This section is from the book "Dental Medicine. A Manual Of Dental Materia Medica And Therapeutics", by Ferdinand J. S. Gorgas. Also available from Amazon: Dental Medicine.
Myrrh is a gum-resinous exudation from a small, shrubby tree - Balsamodendron Myrrha, of the natural order Amyridaceae, growing in Arabia, and the northeastern coast of Africa. It is obtained in the form of small, irregular fragments or tears, or in larger masses, composed of agglutinated portions. The juice exudes spontaneously from the stem of the tree, and concretes upon the bark. When pure, myrrh is of a reddish-yellow or reddish-brown color, translucent, with a strong, peculiar fragrant odor and a bitter aromatic taste, brittle and pulverizable. Its powder is of a light yellow color; when of a dark color it is impure. When powdered myrrh is rubbed up for fifteen minutes with an equal weight of muriate of ammonia and fifteen times its weight of water gradually added, and it dissolves quickly and entirely, it may be considered pure.
Myrrh is stimulant, astringent, expectorant and emmenagogue. It stimulates the digestive organs and improves the appetite. In large doses of a half ounce, it causes a burning sensation in the stomach, increased arterial excitement, and profuse diaphoresis, with a great influence on the urinary passages. It diminishes discharges from mucous membrane when internally administered, and is a useful external application for relaxed tissues.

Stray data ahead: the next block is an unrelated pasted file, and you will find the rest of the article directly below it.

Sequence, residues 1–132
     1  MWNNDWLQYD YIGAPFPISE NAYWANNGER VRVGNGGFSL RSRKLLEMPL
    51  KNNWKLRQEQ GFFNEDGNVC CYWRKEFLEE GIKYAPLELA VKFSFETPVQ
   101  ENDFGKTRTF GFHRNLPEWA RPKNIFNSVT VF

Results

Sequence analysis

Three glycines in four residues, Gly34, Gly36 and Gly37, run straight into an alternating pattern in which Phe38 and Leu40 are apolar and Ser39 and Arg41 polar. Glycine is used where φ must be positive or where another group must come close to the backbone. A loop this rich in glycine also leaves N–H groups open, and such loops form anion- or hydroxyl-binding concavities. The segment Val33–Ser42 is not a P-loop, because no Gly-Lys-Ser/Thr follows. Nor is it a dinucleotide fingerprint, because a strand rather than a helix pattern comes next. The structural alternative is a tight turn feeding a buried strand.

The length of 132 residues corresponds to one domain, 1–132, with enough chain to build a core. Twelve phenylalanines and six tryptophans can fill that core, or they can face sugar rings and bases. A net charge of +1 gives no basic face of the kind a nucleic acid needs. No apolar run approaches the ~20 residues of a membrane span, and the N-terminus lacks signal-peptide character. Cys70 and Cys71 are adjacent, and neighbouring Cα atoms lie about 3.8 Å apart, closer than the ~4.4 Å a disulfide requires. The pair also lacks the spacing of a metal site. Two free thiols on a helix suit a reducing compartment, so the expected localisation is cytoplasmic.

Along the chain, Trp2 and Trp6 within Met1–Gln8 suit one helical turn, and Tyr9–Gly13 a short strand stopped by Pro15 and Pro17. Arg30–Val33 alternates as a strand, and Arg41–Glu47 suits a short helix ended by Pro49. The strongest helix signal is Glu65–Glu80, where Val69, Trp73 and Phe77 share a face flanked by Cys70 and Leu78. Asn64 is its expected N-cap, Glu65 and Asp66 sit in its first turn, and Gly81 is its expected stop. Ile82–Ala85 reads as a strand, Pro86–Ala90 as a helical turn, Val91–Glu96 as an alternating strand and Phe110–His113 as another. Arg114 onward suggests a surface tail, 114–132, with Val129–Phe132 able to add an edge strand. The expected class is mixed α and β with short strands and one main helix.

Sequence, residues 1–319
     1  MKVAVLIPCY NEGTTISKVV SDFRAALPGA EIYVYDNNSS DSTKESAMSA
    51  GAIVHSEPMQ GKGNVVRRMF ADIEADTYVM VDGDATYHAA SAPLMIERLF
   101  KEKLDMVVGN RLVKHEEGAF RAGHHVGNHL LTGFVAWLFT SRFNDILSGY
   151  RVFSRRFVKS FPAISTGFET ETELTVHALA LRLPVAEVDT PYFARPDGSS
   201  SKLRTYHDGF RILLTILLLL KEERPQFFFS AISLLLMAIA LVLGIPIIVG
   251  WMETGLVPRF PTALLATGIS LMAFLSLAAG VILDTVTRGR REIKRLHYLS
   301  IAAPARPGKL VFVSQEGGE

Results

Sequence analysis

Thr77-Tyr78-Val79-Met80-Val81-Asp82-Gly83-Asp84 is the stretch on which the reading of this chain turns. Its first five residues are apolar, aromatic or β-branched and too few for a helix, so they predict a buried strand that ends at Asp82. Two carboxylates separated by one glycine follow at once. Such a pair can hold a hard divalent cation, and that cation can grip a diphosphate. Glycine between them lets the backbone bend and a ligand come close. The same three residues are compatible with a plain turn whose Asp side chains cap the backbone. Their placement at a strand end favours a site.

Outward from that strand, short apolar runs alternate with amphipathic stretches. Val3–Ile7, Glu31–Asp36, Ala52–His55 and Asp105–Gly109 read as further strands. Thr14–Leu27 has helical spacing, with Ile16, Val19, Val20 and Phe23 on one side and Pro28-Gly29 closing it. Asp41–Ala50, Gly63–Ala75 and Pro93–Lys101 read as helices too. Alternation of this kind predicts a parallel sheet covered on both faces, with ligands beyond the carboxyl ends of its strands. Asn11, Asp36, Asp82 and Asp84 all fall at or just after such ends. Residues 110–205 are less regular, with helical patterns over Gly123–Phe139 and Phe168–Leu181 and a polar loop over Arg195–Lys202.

Myrrh is internally administered in chronic catarrh, humoral asthma, amenorrhoea, chlorosis, leucorrhoea, chronic bronchitis, etc., etc.; and in combination with chalybeates and aloes in uterine affections.
Locally, myrrh is applied to inflamed, ulcerated and aphthous surfaces.
Of powdered myrrh, gr.x to in pill or suspended in water.
Tinctura Myrrhae (myrrh,
; alcohol, Oij). Dose.- to
It is used internally and externally.
Myrrh, in the form of the powder and tincture, is employed as a local application to inflamed ulcerated and spongy gums, ulcerations of mucous membrane of the mouth and throat, in the form of a gargle; also in alveolar pyorrhoea, mercurial stomatitis, indolent ulcers, aphthous sore mouth of children. The diluted tincture forms a stimulating gargle or mouth wash, and the powder is employed as an ingredient of dentifrices, for its stimulating and astringent properties.
Astringent Mouth Wash.
Myrrhae (tinct.) . . .
Cort. cinchona; .... Ext. krameriae ....
Spt. rectificat. . . . Cong.j. M.
Macerate for 7 days and filter; to filtrate add 15 ounces of simple syrup.
(For other Mouth Washes and Lotions see Index to Diseases, etc.)